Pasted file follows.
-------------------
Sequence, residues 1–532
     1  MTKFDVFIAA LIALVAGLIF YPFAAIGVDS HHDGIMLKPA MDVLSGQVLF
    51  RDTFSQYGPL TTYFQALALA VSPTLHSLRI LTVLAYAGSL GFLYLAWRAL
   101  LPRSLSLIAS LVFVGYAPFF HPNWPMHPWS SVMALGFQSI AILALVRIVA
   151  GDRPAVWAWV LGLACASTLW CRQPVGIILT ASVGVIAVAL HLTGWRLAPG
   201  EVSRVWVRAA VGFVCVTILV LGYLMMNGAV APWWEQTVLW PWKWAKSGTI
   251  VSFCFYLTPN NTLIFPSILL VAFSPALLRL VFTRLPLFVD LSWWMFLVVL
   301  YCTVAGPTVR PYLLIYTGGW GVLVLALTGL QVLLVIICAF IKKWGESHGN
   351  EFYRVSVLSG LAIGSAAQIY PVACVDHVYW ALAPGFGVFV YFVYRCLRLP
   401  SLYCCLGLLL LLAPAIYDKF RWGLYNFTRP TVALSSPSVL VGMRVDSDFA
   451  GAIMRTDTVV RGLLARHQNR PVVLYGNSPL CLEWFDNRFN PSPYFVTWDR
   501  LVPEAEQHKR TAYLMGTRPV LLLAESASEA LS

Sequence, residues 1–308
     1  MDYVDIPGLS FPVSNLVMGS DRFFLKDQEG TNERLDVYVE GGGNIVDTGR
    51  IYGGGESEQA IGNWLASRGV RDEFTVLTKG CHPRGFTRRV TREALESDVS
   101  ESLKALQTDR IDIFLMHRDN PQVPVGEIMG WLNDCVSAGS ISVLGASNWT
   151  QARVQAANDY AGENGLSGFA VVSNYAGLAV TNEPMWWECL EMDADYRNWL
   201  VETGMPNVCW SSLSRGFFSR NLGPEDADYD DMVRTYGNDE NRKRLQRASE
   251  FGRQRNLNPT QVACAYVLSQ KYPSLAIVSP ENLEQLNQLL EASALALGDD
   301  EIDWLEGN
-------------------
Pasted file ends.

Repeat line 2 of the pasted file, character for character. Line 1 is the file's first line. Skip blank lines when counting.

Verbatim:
     1  MTKFDVFIAA LIALVAGLIF YPFAAIGVDS HHDGIMLKPA MDVLSGQVLF